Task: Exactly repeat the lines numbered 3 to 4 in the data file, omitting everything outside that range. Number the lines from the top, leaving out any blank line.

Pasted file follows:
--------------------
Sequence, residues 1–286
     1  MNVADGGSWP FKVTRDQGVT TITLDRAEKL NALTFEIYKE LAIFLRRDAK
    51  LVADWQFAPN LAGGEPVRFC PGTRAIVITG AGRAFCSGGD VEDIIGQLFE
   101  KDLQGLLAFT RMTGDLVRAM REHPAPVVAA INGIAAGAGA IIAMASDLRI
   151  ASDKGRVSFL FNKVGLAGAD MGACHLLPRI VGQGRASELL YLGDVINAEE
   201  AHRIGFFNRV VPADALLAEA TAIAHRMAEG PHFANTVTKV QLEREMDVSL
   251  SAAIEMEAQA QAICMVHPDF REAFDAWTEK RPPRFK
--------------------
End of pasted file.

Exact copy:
    51  LVADWQFAPN LAGGEPVRFC PGTRAIVITG AGRAFCSGGD VEDIIGQLFE
   101  KDLQGLLAFT RMTGDLVRAM REHPAPVVAA INGIAAGAGA IIAMASDLRI